PA, Impulsivity, and ADHD
Not only nutrition but also PA seems to influence impulsivity and executive function as PA is associated with reduced impulsivity. A meta-analysis found a significant overall effect of acute, but not chronic physical exercise on executive functions in children, adolescents, and young adults . Several meta-analyses have studied the effect of exercise on cognition and behavior in children with ADHD showing that exercise has positive effects on executive functions [ - ]. Research assessing the effect of PA in adults with ADHD remains limited [ , ]. However, the initial findings are promising. For instance, a cross-sectional pilot study found that adults with ADHD who engaged in frequent aerobic PA reported significantly lower levels of behavioral impulsivity [ ]. In addition, the first evidence indicates that noncardio PA (ie, whole body vibration) has positive effects on cognitive functioning in adults with ADHD [ , ]. A study in college students with and without ADHD showed that in those with ADHD inhibitory performance, one aspect of executive function improved after acute exercise; however, all aspects of executive functions improved in those without ADHD [ ]. In a study following a counterbalanced repeated measures design with a control condition, adults with ADHD improved reaction times in congruent and incongruent trials of the flanker task after 30 minutes of continuous stationary cycling, indicating benefits of acute exercise [ ].
ADHD is characterized by dynamic symptoms that manifest as states of hyperactivity, inattention, and impulsivity . However, most studies rely on cross-sectional data that lack microtemporal resolution and do not provide evidence with regard to true temporal associations. Retrospective reports (eg, FFQs and trait questionnaires) are prone to cognitive biases—potentially, in particular, in individuals with ADHD—and overlook fluctuations of ADHD symptoms [ ]. It remains unstudied whether the intake of certain macronutrients or the engagement in PA alters impulsivity within minutes or hours in everyday life. EMA can bridge this gap, as it offers great potential to provide novel insights into ADHD symptomatology in daily life to better understand behavior and functioning at the intraindividual level [ , ]. Despite the need for studies of high temporal resolution and ecological validity and the potential of EMA, so far, no study has applied EMA to assess whether the intake of certain macronutrients and engagement in PA are associated with changes in state impulsivity in daily life. Therefore, the aim of this study was to apply EMA to assess short-term, microtemporal associations between macronutrient intake, PA, and state impulsivity in daily life of adults with and without ADHD. On the basis of previous research, six research questions were elaborated. We examined whether (1) the intake of sugar and (2) the consumption of saturated fats are associated with an increase in state impulsivity, and whether (3) the intake of proteins and (4) the engagement in PA are associated with decreased state impulsivity. As there is evidence that the combination of a high-fat and high-sugar diet was associated with ADHD and impulsivity [ , , ], we assessed whether (5) the combined intake (ie, the interaction) of saturated fat and sugar amplifies the increase in state impulsivity. Intriguingly, research indicates that PA may buffer against the adverse effects of fat intake on cognitive functioning [ , ]. Therefore, we investigated whether (6) PA alleviates the positive association between sugar or fat intake and state impulsivity.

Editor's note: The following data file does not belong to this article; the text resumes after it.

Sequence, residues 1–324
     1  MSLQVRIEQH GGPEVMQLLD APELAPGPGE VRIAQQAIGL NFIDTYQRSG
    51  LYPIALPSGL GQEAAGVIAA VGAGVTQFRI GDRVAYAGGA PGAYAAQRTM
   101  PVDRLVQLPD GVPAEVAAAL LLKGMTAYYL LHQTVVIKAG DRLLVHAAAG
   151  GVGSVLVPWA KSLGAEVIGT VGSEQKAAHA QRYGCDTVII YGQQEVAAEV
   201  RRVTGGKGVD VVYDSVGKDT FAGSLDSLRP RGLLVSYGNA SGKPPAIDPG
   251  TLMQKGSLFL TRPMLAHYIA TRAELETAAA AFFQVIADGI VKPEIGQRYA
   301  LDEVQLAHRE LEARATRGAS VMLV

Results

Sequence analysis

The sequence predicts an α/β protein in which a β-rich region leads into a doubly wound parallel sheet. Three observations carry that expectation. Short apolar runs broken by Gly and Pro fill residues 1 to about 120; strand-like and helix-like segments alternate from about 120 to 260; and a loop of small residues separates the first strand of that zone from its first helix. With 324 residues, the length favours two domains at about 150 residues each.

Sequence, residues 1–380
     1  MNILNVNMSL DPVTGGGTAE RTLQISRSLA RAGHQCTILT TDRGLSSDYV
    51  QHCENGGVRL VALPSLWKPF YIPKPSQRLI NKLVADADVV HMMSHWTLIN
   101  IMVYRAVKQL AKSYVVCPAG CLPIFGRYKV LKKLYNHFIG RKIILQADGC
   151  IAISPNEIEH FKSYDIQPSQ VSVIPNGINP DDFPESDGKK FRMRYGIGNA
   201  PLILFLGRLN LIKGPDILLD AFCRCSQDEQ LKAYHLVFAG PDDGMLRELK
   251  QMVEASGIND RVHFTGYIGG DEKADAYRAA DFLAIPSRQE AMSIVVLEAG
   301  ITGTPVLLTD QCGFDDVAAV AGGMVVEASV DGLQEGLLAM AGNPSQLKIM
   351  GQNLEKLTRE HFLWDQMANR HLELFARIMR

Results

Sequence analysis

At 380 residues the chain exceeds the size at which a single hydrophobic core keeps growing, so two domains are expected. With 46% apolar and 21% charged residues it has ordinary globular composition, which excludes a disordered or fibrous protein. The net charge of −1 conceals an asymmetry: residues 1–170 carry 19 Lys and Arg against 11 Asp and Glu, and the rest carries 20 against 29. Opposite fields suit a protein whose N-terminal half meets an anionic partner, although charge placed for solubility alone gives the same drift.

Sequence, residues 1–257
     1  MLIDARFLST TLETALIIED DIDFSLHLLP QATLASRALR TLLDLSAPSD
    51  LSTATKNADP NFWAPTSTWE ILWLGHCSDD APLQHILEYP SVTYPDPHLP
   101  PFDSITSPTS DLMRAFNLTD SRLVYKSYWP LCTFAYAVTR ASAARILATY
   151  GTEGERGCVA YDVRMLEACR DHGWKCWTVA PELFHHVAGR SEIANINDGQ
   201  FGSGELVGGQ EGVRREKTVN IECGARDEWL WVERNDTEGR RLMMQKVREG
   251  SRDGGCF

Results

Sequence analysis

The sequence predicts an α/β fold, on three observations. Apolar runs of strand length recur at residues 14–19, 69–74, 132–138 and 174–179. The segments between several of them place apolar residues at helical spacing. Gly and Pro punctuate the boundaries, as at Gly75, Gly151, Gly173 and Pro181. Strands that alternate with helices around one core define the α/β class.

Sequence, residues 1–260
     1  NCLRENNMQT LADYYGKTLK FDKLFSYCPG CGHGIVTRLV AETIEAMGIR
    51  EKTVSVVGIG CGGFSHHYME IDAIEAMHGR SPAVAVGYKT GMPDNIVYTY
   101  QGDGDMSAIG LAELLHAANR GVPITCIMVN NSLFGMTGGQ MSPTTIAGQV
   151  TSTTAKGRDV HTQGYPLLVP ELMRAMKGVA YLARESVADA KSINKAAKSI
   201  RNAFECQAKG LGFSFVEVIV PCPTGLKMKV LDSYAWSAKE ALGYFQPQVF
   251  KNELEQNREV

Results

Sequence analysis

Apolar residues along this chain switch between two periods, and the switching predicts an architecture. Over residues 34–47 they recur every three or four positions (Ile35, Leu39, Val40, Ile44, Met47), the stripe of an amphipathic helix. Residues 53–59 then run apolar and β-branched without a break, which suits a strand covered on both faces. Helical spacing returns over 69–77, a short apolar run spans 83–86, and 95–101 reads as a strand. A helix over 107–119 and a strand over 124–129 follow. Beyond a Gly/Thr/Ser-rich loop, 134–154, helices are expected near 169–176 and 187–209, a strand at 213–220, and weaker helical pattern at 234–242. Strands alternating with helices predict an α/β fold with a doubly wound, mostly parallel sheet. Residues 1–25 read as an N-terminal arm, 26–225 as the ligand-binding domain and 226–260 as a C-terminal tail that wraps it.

Data were collected within the Eat2beNICE-APPetite study, which comprises 2 in-person sessions as well as an EMA period (parts of the data of this study have been used for different research questions [- ]). In the first in-person session, participants completed questionnaires and received comprehensive training to familiarize them with the APPetite mobile app, which was used for the EMA period (refer to the study by Ruf et al [ ] for further details). Body weight and height were measured to calculate BMI.
The local ethics committee of the faculty of medicine of the Goethe University Frankfurt (Ethikkommission des Fachbereichs Medizin der Goethe-Universität) approved the study (reference number: 192/18).
All participants declared that they understood the study procedure and signed a written informed consent. This study was conducted in accordance with the Code of Ethics of the World Medical Association (Declaration of Helsinki, 1975).
The participants used a study smartphone to complete the EMA protocol of the APPetite mobile app for 3 consecutive days (2 weekdays and 1 weekend day). Participants received 8 semirandom signal-contingent prompts per day (between 8 AM and 10 PM, with at least 1 hour in-between prompts). Each prompt assessed state impulsivity. The prompts could be postponed for up to 25 minutes. Participants were able to record food intake at any time (ie, event-contingent) through the incorporated APPetite-food record. In addition, a time-contingent prompt at 9 PM asked participants whether all foods and drinks consumed during the day were recorded. Further details on the APPetite mobile app can be found in the study by Ruf et al .